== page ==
Blackstone (NYSE:BX) and Blue Owl (NYSE:OWL) are two investment-grade alternative asset managers with hundreds of billions of dollars in assets under management and attractive dividend yields.
BX has a lengthy and very impressive track record of delivering lucrative total returns to shareholders:
That said, over the past six months OWL has significantly outperformed BX as its business model is a bit more resistant to macroeconomic turmoil and its starting valuation was considerably more attractive than BX’s as well:
In this article, we will compare them side by side and offer our take on which one is a better buy moving forward.
Blackstone Vs. Blue Owl: Business Model
BX is the alternative asset management industry gold standard with its near trillion dollar assets under management global empire. Its immense economies of scale, vast business network, and unparalleled proprietary database on the industries and markets in which it operates give it a lower cost of capital, access to superior deal flow, and a competitive edge in underwriting deals. This in turn, enables it to fundraise quite easily, fueling its rapid growth in assets under management.
BX has many irons in the fire, with asset management platforms that include real estate (its primary platform), private equity, hedge fund solutions, credit and insurance. This makes it a popular one-stop shop for many large clients looking to gain exposure to a plethora of alternative asset investment opportunities.
That said, OWL is no slouch either, with well over $100 billion in assets under management. Furthermore, it is a leading player in its two main industries: Direct Lending (via its publicly trade and privately held Owl Rock (ORCC) platform) and General Partner Solutions (Dyal Capital). In fact, it is the dominant player in its General Partner Solutions business. As a result, we expect OWL to continue to fundraise and invest very effectively in its spheres of operation for many years to come. It is also growing its triple net lease real estate asset management business, recently combining with another partner to take STORE Capital (STOR) private and is holding its share of the real estate within its triple net lease real estate funds from which it is extracting asset management fees.
An important distinguishing factor between these two where OWL measures up favorably is that 80.2% of OWL’s AUM is in the form of permanent capital. In contrast, BX only has 37.8% of its AUM in what it deems “perpetual” capital (which is a fuzzier and less definite categorization than OWL’s use of the term “permanent” capital, which makes us believe that BX’s true “permanent” capital is an even smaller percentage of its total AUM). This means that OWL’s earnings stream is likely going to be much more stable over the long-term since it does not have to re-raise its permanent capital when the investment term expires and it will be much less sensitive to a decline in AUM if/when alternative assets fall out of style with institutional investors. It also means that OWL can focus purely on long-term performance with those funds rather than trying to force a short-term result in order to retain assets under management.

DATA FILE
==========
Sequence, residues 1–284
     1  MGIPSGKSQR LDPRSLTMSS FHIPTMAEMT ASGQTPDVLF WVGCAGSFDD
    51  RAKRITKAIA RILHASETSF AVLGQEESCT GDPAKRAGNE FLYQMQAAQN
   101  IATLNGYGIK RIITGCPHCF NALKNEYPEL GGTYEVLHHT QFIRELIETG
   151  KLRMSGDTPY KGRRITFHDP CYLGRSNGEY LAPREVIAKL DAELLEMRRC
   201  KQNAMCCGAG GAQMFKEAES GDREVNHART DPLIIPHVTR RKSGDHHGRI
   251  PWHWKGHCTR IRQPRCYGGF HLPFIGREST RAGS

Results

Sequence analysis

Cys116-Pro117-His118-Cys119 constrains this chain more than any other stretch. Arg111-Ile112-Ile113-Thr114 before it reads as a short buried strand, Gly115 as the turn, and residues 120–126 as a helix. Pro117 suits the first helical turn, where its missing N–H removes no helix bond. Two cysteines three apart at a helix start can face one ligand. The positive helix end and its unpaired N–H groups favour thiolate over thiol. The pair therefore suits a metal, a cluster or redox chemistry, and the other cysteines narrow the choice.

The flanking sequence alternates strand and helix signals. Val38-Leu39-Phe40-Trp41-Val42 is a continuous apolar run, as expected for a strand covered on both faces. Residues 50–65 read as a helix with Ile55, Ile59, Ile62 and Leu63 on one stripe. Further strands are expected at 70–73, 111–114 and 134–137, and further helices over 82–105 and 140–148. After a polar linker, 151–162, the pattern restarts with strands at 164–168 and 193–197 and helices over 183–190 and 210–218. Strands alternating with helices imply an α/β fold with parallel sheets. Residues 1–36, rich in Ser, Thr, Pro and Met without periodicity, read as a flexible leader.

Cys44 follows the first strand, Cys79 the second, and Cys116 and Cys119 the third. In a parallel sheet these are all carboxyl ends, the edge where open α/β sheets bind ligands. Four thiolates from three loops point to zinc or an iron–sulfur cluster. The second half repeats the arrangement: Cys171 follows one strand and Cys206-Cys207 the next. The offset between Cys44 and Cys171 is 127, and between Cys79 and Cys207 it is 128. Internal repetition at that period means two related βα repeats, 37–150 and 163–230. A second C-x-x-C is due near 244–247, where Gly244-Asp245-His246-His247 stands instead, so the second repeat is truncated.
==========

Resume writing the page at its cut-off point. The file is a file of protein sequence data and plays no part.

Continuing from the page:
OWL also does not generate any carried interest on its balance sheet, whereas BX does. Instead, OWL generates purely fee-based earnings in a model that is designed to support a regular and progressive dividend policy and give more certainty to investors of a recurring revenue stream. In contrast, BX’s earnings – and therefore its dividend payments – tend to be a bit choppier, which can make it difficult to value at times.
Last, but not least, OWL’s outsized exposure to floating interest rate loans via its direct lending business has driven strong growth and promises to continue doing so moving forward. In contrast, BX’s private equity and real estate businesses generally suffer from rising interest rates.
OWL’s management highlighted this macroeconomic tailwind on their latest earnings call:
As expected, and in line with our previous guidance, we saw a significant increase in our Part I fees from last quarter. In the third quarter, included in our management fee line, our Part I fees from our BDCs, increased 1$6.1 million or 35% from the second quarter. A large portion of this was driven by higher interest rates, and some of it was from AUM growth in our newer BDCs, like ORCIC and ORTF II. We are expecting to see an additional increase in our management fee line in the fourth quarter due to continued rising rates, and could see possible increases into next year.